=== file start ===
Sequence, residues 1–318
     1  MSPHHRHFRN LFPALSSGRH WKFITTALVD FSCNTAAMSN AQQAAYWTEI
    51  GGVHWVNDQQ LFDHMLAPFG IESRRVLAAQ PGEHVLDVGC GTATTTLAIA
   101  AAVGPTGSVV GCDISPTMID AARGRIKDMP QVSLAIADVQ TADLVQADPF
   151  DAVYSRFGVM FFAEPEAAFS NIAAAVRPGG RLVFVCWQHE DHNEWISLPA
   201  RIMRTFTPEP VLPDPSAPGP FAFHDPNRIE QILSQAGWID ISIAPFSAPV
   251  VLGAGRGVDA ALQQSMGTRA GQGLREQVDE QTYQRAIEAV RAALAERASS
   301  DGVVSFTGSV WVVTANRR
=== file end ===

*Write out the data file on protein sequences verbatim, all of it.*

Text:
Sequence, residues 1–318
     1  MSPHHRHFRN LFPALSSGRH WKFITTALVD FSCNTAAMSN AQQAAYWTEI
    51  GGVHWVNDQQ LFDHMLAPFG IESRRVLAAQ PGEHVLDVGC GTATTTLAIA
   101  AAVGPTGSVV GCDISPTMID AARGRIKDMP QVSLAIADVQ TADLVQADPF
   151  DAVYSRFGVM FFAEPEAAFS NIAAAVRPGG RLVFVCWQHE DHNEWISLPA
   201  RIMRTFTPEP VLPDPSAPGP FAFHDPNRIE QILSQAGWID ISIAPFSAPV
   251  VLGAGRGVDA ALQQSMGTRA GQGLREQVDE QTYQRAIEAV RAALAERASS
   301  DGVVSFTGSV WVVTANRR